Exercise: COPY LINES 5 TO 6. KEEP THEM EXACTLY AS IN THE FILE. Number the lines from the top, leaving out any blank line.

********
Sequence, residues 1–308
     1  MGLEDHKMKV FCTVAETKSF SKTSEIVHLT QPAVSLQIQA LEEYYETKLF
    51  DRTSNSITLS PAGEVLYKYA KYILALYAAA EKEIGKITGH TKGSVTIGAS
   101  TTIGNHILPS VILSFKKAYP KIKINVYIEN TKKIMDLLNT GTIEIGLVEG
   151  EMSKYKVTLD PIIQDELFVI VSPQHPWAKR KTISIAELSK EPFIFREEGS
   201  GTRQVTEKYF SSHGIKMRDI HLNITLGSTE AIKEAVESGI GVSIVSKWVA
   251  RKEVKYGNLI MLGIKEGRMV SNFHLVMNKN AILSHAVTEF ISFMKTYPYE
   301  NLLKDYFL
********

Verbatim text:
   151  EMSKYKVTLD PIIQDELFVI VSPQHPWAKR KTISIAELSK EPFIFREEGS
   201  GTRQVTEKYF SSHGIKMRDI HLNITLGSTE AIKEAVESGI GVSIVSKWVA